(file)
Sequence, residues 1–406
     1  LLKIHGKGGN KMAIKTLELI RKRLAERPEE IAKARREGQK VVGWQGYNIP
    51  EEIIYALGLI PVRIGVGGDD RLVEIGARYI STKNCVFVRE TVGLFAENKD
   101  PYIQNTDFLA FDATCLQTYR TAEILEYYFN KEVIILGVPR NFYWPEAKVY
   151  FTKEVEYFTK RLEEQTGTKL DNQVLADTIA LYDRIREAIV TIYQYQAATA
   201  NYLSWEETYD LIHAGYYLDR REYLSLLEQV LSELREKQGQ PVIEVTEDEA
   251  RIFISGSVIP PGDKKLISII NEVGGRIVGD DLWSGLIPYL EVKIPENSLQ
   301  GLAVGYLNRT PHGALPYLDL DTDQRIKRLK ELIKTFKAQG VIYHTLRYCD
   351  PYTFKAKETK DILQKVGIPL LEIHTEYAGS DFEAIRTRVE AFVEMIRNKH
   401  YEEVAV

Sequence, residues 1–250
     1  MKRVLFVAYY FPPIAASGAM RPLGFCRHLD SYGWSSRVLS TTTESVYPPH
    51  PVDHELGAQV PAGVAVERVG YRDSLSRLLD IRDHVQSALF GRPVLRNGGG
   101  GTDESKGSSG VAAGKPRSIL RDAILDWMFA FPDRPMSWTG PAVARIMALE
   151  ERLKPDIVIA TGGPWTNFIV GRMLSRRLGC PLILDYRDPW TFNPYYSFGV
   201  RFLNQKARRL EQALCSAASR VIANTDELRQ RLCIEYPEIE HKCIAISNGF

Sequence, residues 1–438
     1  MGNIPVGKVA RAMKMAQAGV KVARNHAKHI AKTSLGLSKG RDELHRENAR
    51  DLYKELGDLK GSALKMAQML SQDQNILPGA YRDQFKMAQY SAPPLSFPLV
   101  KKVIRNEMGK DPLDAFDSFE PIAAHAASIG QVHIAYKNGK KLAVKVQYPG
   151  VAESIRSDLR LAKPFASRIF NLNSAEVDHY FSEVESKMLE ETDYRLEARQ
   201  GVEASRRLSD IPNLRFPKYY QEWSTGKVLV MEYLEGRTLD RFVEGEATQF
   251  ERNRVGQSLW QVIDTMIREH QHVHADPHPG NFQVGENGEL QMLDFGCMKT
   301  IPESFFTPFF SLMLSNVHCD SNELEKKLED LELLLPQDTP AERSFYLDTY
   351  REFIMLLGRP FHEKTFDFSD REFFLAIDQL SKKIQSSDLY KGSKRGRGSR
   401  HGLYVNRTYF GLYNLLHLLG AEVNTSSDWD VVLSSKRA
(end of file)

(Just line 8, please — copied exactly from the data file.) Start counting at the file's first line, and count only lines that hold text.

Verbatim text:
   301  GLAVGYLNRT PHGALPYLDL DTDQRIKRLK ELIKTFKAQG VIYHTLRYCD